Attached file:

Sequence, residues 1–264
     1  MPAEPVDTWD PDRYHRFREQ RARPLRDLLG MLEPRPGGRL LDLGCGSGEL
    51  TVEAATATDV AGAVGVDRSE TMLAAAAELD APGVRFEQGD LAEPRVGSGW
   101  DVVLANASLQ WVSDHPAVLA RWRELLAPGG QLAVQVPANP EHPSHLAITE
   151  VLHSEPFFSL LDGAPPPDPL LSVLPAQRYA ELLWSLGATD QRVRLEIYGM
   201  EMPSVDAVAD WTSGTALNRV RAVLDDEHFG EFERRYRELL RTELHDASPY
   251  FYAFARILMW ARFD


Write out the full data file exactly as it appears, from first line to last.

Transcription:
Sequence, residues 1–264
     1  MPAEPVDTWD PDRYHRFREQ RARPLRDLLG MLEPRPGGRL LDLGCGSGEL
    51  TVEAATATDV AGAVGVDRSE TMLAAAAELD APGVRFEQGD LAEPRVGSGW
   101  DVVLANASLQ WVSDHPAVLA RWRELLAPGG QLAVQVPANP EHPSHLAITE
   151  VLHSEPFFSL LDGAPPPDPL LSVLPAQRYA ELLWSLGATD QRVRLEIYGM
   201  EMPSVDAVAD WTSGTALNRV RAVLDDEHFG EFERRYRELL RTELHDASPY
   251  FYAFARILMW ARFD